Generally, the word duck refers to the waterfowl and doesn’t appear in the Bible. However, there are many instances where the Bible refers birds of the nature of a duck. For instance, in Solomon’s daily provisions, there were 10 head of stall-fed cattle, 30 of the finest flour, 100 sheep and goats, 60 cors of meal, gazelles, deer, roebucks, and choice fowl.
Some Biblical translators state that choice fowl has the same meaning to a duck. In Hebrew, the choice fowl is referred by the words barbur and barburm. Therefore, it is safe to say that fattened ducks were among the delicacies served on King Solomon’s table every day.
In Ezekiel 12:13 and Hosea 11:11, the Bible sheds light on how ducks were caught in nets as they migrated from Egypt to Israel. There are several symbols that we can attach to ducks as inferred from the Bible.
What You'll Learn Today
Symbol of God’s Provision
In Matthew 6:26, the Bible talks of the carefree nature of birds and God’s provision over them. It says,
“Look at the birds of the air; they do not sow or reap or store away in barns, and yet your heavenly Father feeds them. Are you not much more valuable than they?”
In this verse Jesus speaks to his followers about a change in perspective and mind shift.
Just like today, many people worry about their material wellbeing and the fact that they spend their time gathering treasure for themselves. This daily hassle has the capacity to steer someone away from devotion to God.
Worrying daily about money for food, drink, and clothing creates anxiety. Jesus was opening the minds of his disciples to make them see that in life, they are more important things than food and clothing.
Turning to the lessons of nature, Jesus picks out birds which could even be ducks to illustrate the provision of God. He mentions how birds do not plant, harvest, or store crops in barns, yet they still eat. The conclusion is that God, the Father is the provider of all his creation not just birds but also humans.
Symbol of God’s Restoration
In Hosea 11:11, God makes a declaration. This is what the Bible says,
“They will come from Egypt, trembling like sparrows, from Assyria, fluttering like doves. I will settle them in their homes,” declares the LORD.”
God is calling his children who are scattered in Egypt and those who are in Assyria to come home. The picture that the Bible creates is that of a bird trembling as it flies home. Those in Assyria are likened to doves that flee to their windows.
Both Assyria and Egypt were places of affliction and God’s people were suffering under the hands of their captors. Hosea is a prophet of hope, and he tells them that in the fullness of time, God will return them each to his own home in their own land.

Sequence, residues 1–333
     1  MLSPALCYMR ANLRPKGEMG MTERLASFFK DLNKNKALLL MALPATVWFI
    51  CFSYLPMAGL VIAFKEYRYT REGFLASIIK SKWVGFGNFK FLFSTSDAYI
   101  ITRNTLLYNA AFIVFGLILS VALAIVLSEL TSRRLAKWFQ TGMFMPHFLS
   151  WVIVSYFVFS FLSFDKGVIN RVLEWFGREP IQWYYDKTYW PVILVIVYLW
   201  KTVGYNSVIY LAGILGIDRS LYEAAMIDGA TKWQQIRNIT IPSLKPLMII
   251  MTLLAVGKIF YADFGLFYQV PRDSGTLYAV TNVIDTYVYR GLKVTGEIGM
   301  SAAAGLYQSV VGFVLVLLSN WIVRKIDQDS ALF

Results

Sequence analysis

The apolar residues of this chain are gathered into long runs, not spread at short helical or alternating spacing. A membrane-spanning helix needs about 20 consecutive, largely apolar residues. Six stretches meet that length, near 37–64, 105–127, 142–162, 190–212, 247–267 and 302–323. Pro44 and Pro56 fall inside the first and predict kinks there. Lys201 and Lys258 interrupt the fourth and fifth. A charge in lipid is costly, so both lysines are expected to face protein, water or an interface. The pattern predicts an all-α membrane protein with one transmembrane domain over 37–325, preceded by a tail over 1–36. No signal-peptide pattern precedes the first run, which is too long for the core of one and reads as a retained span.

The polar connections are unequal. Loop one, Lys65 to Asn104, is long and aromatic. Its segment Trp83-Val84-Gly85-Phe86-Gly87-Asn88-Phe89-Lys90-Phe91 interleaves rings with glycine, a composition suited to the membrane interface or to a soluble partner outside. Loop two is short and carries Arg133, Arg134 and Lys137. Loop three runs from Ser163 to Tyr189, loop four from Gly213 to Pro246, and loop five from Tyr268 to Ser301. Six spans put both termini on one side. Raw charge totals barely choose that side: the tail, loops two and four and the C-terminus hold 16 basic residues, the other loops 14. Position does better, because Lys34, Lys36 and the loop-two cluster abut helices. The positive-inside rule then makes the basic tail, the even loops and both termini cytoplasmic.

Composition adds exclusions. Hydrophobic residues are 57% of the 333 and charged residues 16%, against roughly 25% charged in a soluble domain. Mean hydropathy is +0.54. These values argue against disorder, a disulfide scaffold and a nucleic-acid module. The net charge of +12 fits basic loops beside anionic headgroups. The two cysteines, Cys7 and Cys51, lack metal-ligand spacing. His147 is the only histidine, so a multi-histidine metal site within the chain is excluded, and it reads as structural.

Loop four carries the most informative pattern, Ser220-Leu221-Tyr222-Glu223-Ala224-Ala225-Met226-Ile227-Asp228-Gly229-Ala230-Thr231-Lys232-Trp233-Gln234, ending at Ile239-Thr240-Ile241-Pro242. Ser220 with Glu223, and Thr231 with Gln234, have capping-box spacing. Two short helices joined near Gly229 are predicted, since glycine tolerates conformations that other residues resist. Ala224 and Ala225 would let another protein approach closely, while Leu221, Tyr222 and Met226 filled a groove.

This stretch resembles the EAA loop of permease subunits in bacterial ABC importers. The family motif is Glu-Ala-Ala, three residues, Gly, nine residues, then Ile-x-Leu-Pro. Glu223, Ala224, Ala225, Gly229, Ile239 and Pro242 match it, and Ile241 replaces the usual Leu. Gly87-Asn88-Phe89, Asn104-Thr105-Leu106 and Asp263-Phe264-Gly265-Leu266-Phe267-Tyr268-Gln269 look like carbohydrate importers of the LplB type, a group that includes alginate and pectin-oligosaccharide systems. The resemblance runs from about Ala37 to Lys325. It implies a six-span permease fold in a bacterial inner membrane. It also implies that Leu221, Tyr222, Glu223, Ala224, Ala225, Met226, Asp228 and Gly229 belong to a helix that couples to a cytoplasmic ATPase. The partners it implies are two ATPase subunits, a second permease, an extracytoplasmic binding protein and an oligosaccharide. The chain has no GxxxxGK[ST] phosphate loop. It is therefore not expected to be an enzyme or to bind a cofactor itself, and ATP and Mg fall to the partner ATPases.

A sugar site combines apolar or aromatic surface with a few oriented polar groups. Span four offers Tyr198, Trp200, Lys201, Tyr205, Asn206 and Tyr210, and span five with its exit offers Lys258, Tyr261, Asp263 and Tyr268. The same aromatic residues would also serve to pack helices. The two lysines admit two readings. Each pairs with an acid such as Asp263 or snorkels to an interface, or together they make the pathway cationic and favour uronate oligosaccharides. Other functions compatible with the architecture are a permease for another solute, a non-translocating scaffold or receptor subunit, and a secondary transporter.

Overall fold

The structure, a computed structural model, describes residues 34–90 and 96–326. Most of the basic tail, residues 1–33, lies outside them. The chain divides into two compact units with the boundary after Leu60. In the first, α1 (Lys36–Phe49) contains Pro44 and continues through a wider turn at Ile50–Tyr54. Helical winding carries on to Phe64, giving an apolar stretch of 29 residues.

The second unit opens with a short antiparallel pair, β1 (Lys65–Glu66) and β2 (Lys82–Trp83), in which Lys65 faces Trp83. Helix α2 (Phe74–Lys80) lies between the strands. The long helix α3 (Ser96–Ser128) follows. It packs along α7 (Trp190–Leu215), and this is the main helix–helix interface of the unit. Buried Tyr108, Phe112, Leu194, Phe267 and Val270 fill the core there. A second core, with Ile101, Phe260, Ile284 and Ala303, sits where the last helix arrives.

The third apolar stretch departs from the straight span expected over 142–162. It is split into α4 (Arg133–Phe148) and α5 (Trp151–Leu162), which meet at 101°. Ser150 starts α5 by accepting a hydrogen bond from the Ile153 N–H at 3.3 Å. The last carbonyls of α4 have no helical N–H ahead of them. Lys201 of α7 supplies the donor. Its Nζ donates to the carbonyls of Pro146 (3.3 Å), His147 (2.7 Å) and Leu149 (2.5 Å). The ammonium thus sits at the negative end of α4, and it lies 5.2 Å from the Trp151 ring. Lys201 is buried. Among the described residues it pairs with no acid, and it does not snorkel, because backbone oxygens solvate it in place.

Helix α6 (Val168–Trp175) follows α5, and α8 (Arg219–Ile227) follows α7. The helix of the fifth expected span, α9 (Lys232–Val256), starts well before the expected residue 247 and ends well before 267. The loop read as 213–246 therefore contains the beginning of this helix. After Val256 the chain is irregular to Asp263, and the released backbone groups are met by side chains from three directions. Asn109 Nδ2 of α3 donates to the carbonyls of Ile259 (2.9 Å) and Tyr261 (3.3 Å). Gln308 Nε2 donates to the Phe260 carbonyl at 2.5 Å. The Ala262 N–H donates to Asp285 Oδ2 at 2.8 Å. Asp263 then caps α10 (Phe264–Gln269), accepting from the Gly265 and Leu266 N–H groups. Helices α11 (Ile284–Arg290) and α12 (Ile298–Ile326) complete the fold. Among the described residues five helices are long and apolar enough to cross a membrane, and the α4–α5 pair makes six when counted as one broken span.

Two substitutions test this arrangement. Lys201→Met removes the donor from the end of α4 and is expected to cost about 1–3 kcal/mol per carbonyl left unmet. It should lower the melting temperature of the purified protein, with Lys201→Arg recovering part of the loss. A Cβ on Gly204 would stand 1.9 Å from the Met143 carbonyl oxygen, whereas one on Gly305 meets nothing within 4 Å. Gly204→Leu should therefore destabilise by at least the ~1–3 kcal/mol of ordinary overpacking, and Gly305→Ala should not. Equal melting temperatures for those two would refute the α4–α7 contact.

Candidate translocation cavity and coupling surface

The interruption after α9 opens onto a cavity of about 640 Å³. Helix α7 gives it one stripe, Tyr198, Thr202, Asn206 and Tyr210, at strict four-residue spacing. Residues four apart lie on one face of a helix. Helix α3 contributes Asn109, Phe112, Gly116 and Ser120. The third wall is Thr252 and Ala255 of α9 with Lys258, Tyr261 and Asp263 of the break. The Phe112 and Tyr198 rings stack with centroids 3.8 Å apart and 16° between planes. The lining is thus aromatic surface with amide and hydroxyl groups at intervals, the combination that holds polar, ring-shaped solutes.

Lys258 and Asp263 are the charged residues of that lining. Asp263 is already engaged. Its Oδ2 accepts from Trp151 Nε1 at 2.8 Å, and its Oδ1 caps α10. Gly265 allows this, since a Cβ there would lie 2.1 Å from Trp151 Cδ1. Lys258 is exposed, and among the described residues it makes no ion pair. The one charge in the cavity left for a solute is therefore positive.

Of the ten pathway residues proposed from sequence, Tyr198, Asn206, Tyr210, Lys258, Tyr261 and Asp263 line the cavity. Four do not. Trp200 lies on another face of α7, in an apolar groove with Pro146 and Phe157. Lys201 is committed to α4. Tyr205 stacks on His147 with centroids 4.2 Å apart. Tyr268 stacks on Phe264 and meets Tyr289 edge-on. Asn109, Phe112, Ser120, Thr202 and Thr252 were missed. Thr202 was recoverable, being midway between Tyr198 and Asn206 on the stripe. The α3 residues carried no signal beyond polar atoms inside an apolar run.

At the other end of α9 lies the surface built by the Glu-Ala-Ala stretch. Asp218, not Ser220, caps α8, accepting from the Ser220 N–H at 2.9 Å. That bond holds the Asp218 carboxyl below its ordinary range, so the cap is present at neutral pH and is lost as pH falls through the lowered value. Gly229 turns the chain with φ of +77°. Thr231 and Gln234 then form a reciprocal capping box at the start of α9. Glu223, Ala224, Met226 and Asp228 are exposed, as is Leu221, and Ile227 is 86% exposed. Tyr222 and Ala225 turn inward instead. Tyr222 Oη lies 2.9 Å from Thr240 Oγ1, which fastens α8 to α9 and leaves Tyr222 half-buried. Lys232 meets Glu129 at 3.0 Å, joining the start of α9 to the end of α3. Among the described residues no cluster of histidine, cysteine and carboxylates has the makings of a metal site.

He goes ahead to say that he would bless them in their houses. This could mean God reestablishing places of worship and social order within the community of Israel.
While the birds could represent any bird, the choice of a duck goes well with the doves from Assyria that are flying home. It is a flight of liberation and freedom.
Symbol of Sensitivity of Time and Seasons
In Jeremiah 8:7; God speaks about the senselessness of his people especially pertaining to his rules. There are people who have lost count of time and they do not know what they are supposed to do within certain timeframes. This is what the Bible says,
“Even the stork in the sky knows her appointed seasons, and the dove, the swift and the thrush observe the time of their migration. But my people do not know the requirements of the LORD.”
Among the several birds mentioned, a duck could easily fit. The theme here is that of understanding the times and knowing what to do. Ducks also do migrate, and they know their timing. In fact, they are normally categorized into two: weather migrants and calendar migrants.
Calendar migrants are hard wired to migrate at certain times of the year. On the other hand, weather migrants respond to changing seasons. They are forced by harsh weather to fly to certain areas that are warm and fly back when conditions improve.
God compares and contrasts the sensitivity of bords and time vis-à-vis the senselessness of man. He mourns man’s lost ladder as far as the rules of the Lord are concerned. It is also a call for man to become more sensitive and to study the conditions so as to know when he has gone astray and needs to come back to the fold.
Symbol of Beauty
While the dove has often been used as the epitome of beauty, in its place ducks can also fit. In Song of Solomon 5:12, the Bible says,
“His eyes are like doves by the water streams, washed in milk, mounted like jewels.”
In referring to the lover, the beholder likens the eyes of the significant other to doves besides streams of water.
Ducks too share similarities, and they are beautiful breeds of ducks, some more beautiful than even doves. For instance, the Mandarin duck that originates from East Asia frequents wetlands and freshwater. They have such a beautiful multicolored plumage with pale orange sides, orange cheeks, and orange sails with a splash of blue stripes.
Other equally beautiful breeds include king eider found in oceans and seas and northern shoveler mostly found in Europe, North America, South East Asia, and Africa.
The theme of Song of Solomon is that of the love and relationship between God and His people. It is the beauty that Christ sees in his brides the church. Whether it is a dove or a duck, it is the epitome of beauty that matters.
Ducks unlike doves and other birds are not mentioned in the Bible, but their close semblance in appearance and behavior are well covered in scripture. The symbolism of ducks is close enough to most of the birds mentioned in the Bible and you can pick any from beauty to the sensitivity of seasons to God’s restoration and provision.